"Not only will these initiatives help to protect the open space that defines our area, but they will also play a key role in protecting our communities from the flooding that has been ravaging our area as overdevelopment and sprawl have been sited as major contributing factors in flooding," noted the Assemblymember. Senator Saland was successful in passing the Greenway bill in the Senate and it is likely to be signed into law by the Governor. The Senate has so far failed to enact the Ulster County Community Preservation Act despite overwhelming support from the County Legislature and many local governments as well.
Assemblymember Cahill also took the lead role in organizing a bi-partisan legislative flood caucus that is working with the Governor's office to develop an implement a comprehensive plan to deal with the disastrous flooding that has impacted significant portions of the state in recent years. "It is clear that flooding is an issue that the state must address," said Mr. Cahill. I will be working closely with Michael Balboni, the Governor's chief public safety advisor, over the next few months to come up with a plan to better prepare and protect New Yorkers from future disasters."
Taking advantage of the fact that the City of Kingston was recently named as one of the ten best places for artists in America, Assemblymember Cahill worked with a small group of colleagues to pass legislation directing the New York State Council on the Arts to develop a pilot grant program, to be conducted in the cities of Kingston, Syracuse, Rochester, and New York, to provide grants of up to $20,000 to working artists and arts organizations. The funding is to be used to secure space for an artist's studios, either performance or gallery, as well as living quarters. "With a long heritage as an Arts Mecca, our area was already on the cultural map. Now the arts community, especially in Kingston, is playing a vital role revitalizing urban and rural communities throughout New York State by living and working in neighborhoods long-abandoned by mainstream industry," remarked Mr. Cahill.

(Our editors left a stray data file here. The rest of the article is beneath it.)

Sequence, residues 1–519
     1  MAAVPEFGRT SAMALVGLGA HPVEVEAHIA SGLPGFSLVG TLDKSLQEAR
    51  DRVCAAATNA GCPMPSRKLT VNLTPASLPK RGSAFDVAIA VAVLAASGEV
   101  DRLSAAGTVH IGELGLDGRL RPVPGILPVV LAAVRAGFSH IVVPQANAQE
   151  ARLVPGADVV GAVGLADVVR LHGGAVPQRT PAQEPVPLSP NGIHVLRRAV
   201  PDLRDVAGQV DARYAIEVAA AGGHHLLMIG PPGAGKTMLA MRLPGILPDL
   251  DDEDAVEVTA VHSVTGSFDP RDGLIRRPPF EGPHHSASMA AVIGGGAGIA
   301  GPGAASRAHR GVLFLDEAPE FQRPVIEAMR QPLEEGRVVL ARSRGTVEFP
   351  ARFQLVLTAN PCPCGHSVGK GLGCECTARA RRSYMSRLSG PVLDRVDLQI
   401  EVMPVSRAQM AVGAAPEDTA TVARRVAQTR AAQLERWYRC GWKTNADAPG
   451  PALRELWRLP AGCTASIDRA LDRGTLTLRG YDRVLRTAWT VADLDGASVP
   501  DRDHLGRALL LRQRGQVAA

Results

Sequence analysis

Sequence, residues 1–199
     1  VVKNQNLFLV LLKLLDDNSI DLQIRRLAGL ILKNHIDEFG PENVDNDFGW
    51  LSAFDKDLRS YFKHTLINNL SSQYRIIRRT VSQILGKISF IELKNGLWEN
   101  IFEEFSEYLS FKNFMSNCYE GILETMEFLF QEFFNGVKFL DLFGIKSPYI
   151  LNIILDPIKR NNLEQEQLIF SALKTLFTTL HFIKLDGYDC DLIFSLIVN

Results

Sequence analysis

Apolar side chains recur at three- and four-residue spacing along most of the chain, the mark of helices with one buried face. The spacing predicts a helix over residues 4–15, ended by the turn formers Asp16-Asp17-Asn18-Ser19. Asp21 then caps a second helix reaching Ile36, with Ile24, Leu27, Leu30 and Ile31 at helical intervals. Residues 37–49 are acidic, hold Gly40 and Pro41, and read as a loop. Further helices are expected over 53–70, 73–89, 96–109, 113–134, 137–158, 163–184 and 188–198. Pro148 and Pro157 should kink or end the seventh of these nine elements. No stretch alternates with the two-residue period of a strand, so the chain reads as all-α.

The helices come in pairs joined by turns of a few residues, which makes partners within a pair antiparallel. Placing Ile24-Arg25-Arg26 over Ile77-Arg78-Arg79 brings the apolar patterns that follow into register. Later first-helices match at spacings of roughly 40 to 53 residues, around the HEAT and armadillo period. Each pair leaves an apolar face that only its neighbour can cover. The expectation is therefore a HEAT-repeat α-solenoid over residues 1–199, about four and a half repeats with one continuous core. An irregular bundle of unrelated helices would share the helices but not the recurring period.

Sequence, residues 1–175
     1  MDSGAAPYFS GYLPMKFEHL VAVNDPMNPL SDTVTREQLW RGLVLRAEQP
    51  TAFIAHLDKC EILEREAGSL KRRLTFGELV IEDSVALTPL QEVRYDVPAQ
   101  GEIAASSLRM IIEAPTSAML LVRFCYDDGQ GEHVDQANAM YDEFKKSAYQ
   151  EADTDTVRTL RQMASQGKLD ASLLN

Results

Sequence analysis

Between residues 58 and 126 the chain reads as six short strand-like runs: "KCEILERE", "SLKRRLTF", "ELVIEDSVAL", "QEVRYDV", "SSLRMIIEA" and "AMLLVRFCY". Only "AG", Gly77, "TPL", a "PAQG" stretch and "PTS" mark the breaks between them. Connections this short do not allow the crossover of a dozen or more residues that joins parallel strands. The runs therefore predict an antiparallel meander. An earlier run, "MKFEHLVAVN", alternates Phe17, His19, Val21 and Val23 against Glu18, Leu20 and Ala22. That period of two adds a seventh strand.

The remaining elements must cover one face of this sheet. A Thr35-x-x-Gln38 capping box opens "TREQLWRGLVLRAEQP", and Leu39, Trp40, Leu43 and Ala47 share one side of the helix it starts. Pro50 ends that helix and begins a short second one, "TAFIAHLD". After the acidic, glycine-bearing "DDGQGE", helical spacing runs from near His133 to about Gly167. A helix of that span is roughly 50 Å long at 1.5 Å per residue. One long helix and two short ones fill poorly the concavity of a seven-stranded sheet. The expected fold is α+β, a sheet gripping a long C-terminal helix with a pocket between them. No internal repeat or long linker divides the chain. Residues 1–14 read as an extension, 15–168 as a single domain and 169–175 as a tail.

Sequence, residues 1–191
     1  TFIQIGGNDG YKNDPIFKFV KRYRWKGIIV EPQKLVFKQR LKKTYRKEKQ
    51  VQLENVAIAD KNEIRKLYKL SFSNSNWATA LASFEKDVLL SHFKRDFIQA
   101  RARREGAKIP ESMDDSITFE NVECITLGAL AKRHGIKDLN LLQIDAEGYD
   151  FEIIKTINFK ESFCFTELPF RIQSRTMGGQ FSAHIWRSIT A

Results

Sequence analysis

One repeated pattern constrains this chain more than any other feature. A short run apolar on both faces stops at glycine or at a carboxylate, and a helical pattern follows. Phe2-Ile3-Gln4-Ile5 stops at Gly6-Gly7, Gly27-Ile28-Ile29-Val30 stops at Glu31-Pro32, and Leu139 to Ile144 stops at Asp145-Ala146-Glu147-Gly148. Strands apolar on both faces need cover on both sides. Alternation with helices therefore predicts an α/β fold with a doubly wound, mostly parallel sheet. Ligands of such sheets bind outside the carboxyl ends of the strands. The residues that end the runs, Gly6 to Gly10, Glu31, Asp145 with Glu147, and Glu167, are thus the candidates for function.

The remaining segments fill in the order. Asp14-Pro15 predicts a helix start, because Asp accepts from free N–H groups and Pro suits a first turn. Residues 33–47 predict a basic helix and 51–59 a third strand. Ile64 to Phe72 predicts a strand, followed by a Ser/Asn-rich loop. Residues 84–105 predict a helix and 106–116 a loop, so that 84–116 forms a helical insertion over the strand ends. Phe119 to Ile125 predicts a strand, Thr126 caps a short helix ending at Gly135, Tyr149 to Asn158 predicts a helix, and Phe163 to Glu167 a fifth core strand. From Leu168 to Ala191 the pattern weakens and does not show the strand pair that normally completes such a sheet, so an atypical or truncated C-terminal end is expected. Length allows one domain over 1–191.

"I was proud to have partnered with Senator Larkin this session to pass legislation that will bolster our agricultural economy," said Assemblymember Cahill. "Together we worked to significantly expand the Shawangunk Wine Trail which will help to further the Hudson Valley's growing reputation for producing some of the finest wines in the world." The representatives also advanced a bill to give local farm-based distilleries access to market their New York produced products to restaurants throughout the state.
A few years ago Assemblymember Cahill played an instrumental role in paving the way for the rise of the microbrewery industry in New York by working to pass legislation that created a two-tiered brewery license that gave the opportunity for small New York based brewers compete with the corporate giants that dominate the nation's beer market. This year, Mr. Cahill was successful in his efforts to change the law in order to give a local business an opportunity to expand their already successful operation. "I am hopeful that this legislation will help the Skytop Brewing Company carve out a niche in the growing micro-brewed beer market which will in turn produce a positive ripple effect on our local economy."
"In the coming months I will continue my efforts to bring economic development assistance to the region, including my continued commitment to advocate on behalf of the recently announced project at Tech City which in my view offers the greatest promise for economic revitalization of our local economy I have seen to date," Mr. Cahill concluded.